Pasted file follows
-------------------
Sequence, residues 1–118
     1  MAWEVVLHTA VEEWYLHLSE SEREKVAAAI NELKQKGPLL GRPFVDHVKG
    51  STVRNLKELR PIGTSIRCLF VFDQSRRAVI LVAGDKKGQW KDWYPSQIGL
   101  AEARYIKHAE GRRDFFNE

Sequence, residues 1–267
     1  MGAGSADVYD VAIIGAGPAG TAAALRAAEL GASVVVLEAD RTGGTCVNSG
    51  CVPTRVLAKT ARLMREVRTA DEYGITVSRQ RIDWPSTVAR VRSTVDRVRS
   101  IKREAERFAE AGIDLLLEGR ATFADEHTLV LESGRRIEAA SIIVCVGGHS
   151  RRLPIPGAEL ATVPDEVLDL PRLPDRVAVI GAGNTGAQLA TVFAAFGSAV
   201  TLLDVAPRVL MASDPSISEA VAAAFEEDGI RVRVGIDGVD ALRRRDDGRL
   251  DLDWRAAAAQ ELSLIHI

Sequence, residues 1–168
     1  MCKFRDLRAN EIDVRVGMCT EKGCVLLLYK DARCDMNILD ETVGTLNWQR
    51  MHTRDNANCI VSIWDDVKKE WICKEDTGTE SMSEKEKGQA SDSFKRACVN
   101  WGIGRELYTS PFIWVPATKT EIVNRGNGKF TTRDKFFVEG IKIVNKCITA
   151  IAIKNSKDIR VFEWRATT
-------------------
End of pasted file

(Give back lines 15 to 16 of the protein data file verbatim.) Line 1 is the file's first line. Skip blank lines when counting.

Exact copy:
   101  WGIGRELYTS PFIWVPATKT EIVNRGNGKF TTRDKFFVEG IKIVNKCITA
   151  IAIKNSKDIR VFEWRATT